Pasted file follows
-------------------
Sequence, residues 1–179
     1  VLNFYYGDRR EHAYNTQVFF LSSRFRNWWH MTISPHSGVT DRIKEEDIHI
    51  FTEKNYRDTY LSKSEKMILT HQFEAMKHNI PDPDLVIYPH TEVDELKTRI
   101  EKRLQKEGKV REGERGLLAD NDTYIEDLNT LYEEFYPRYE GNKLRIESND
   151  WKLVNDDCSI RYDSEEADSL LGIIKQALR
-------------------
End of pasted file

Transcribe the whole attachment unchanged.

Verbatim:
Sequence, residues 1–179
     1  VLNFYYGDRR EHAYNTQVFF LSSRFRNWWH MTISPHSGVT DRIKEEDIHI
    51  FTEKNYRDTY LSKSEKMILT HQFEAMKHNI PDPDLVIYPH TEVDELKTRI
   101  EKRLQKEGKV REGERGLLAD NDTYIEDLNT LYEEFYPRYE GNKLRIESND
   151  WKLVNDDCSI RYDSEEADSL LGIIKQALR